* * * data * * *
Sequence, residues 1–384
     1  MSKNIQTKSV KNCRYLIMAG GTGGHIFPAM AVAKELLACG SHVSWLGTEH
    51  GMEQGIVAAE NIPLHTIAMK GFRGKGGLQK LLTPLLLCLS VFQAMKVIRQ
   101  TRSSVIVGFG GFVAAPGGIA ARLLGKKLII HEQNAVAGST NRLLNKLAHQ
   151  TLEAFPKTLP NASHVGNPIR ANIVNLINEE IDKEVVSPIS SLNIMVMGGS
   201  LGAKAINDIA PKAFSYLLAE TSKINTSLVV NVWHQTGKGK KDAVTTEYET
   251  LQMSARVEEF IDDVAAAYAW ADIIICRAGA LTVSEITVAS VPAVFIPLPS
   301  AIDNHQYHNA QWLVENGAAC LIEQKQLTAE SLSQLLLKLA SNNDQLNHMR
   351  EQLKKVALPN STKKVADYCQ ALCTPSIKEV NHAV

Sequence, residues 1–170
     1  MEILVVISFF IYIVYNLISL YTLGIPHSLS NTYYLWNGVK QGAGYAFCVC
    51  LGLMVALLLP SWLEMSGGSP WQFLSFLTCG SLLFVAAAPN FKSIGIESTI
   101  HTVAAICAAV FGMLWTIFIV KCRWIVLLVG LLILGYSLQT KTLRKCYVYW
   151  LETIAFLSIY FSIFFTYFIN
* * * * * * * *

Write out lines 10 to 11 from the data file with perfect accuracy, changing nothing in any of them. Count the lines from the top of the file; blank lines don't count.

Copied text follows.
Sequence, residues 1–170
     1  MEILVVISFF IYIVYNLISL YTLGIPHSLS NTYYLWNGVK QGAGYAFCVC